The Honeymoon Killers  

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Train wreck at Montparnasse (October 22, 1895) by Studio Lévy and Sons.
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Train wreck at Montparnasse (October 22, 1895) by Studio Lévy and Sons.

The Honeymoon Killers is a 1970 American film written and directed by Leonard Kastle, and starring Shirley Stoler and Tony Lo Bianco. It tells the true story of Martha Beck and Raymond Fernandez, the notorious "Lonely Hearts Killers" who murdered at least 12 women in the 1940s and who were executed on March 8, 1951. The soundtrack is a selection from the works of Gustav Mahler. Martin Scorsese originally was hired to direct the film, but was replaced due to creative differences with the producer. See lonely hearts.

Plot

Martha Beck is a sullen, overweight nurse who lives in a southern town with her elderly mother. To help her find a man, Martha's friend Bunny writes to a "lonely hearts" service, which results in a letter from Ray Fernandez of New York City. Overcoming her initial resistance, Martha corresponds with Ray. He visits Martha and seduces her. Later, Ray sends Martha a letter ending their "relationship" and Martha calls him, threatening to kill herself because she cannot live without him.

Moved by her devotion, Ray asks Martha to visit him in New York. There, Ray reveals that he is a con man who correspondes with lonely women with the intent to seduce and swindle them. Martha still proclaims her love for Ray, however, and she accompanies him as he moves from woman to woman. Posing as his sister, Martha can barely contain her jealousy as she watches Ray romance other women, though Ray promises her that he will never sleep with them. Ray marries a pregnant woman, Myrtle Young, and Martha gives her a fatal dose of pills after Myrtle aggressively attempts to sleep with Ray.

Martha and Ray move onto their next target, though Martha attempts to drown herself after catching Ray in a compromising position. To placate her, Ray buys Martha a house in the suburbs; however, their attempt at living as a "normal" couple fails and they resume their criminal activities. Ray, under the alias "Charles Martin," becomes engaged to the elderly Janet Fay and takes her to the house he shares with Martha. Janet entrusts Ray with a check for $10,000, but she becomes suspicious of the couple. When Janet tries to contact her family, Ray and Martha hit her in the head with a hammer and strangle her to death. Her body is buried in the cellar.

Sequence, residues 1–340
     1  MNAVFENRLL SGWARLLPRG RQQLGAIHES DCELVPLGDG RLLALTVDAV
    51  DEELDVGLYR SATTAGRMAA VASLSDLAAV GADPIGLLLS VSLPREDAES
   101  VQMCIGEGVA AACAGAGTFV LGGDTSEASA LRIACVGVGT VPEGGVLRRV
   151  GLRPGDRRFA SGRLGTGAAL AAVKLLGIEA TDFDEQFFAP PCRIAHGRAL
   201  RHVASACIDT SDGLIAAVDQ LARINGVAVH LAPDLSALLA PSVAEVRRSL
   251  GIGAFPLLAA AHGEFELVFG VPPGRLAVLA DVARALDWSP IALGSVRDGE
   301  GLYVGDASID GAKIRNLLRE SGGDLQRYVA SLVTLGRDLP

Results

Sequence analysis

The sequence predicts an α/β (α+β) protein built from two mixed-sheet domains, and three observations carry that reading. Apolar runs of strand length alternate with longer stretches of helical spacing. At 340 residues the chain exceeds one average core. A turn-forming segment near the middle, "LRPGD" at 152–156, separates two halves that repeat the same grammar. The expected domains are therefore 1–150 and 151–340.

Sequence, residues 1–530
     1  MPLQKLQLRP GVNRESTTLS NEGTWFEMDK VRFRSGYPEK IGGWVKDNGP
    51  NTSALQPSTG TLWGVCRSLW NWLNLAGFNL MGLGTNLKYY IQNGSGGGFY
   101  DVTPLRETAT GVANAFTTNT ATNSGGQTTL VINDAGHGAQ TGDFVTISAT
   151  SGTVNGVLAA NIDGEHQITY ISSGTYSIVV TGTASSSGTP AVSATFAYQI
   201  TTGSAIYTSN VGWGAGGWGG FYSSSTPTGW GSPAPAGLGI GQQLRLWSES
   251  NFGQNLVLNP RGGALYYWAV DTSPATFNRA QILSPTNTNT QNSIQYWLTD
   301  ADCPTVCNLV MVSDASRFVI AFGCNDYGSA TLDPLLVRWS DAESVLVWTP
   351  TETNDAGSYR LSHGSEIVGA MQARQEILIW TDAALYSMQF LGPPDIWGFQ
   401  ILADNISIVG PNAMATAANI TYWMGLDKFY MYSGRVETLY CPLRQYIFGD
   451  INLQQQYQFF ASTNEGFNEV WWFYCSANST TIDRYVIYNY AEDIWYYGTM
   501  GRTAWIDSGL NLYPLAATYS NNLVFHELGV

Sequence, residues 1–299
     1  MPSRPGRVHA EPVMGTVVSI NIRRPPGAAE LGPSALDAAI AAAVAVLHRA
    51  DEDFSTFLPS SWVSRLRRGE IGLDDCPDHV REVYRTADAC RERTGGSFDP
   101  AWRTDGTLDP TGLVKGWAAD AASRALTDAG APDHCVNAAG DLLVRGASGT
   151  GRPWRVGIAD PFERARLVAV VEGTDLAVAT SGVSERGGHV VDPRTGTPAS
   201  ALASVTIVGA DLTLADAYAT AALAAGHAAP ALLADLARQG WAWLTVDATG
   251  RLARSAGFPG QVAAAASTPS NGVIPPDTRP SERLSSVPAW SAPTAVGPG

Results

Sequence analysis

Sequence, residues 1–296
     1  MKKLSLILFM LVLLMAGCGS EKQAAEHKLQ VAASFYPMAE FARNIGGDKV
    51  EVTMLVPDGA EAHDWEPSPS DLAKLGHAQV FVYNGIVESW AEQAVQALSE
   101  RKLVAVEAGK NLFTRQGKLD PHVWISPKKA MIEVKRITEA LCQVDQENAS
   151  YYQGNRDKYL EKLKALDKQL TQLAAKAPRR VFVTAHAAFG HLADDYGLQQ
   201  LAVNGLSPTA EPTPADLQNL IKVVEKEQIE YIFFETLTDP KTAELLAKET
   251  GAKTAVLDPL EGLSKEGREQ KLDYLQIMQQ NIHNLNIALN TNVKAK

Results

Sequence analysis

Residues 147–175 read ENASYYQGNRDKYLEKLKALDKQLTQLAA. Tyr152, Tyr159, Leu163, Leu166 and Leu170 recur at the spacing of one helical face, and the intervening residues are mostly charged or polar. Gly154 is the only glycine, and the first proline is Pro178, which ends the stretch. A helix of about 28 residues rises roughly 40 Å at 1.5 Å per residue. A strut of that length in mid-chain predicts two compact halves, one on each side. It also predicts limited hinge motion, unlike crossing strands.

Martha and Ray then spend several weeks living with the widowed Delphine Downing and her young daughter. Delphine confides in Martha, hoping that she will help convince Ray to marry her as soon as possible because she is pregnant with Ray's child. Furious, Martha attempts to kill Delphine when her daughter enters the room with Ray. Ray shoots Delphine in the head and Martha drowns her daughter in the cellar. Ray tells Martha that they'll move onto another woman, reaffirming his promise never to betray Martha with one of his marks. Realizing that Ray will never stop lying to her, Martha calls the police and calmly waits for them to arrive.

The epilogue takes place four months later, with Martha and Ray in jail and awaiting trial. Martha receives a letter from Ray in which he tells her that, despite everything, she is the only woman he ever loved. Titles on the screen then conclude the story, saying that Martha Beck and Raymond Fernandez were executed on March 8, 1951.

Historical accuracy

The film was inspired by true events and uses the real names of the 'Lonely Hearts Killers', but it takes substantial liberties with the historical record. The film does not disclose that the real Martha Beck had been married and had children whom she abandoned. In addition, the assertion that Beck called the police contradicts accounts of the case, as does the movie's portrayal of Beck as being homicidal and Ray Fernandez as being more passive.

See also




Unless indicated otherwise, the text in this article is either based on Wikipedia article "The Honeymoon Killers" or another language Wikipedia page thereof used under the terms of the GNU Free Documentation License; or on original research by Jahsonic and friends. See Art and Popular Culture's copyright notice.

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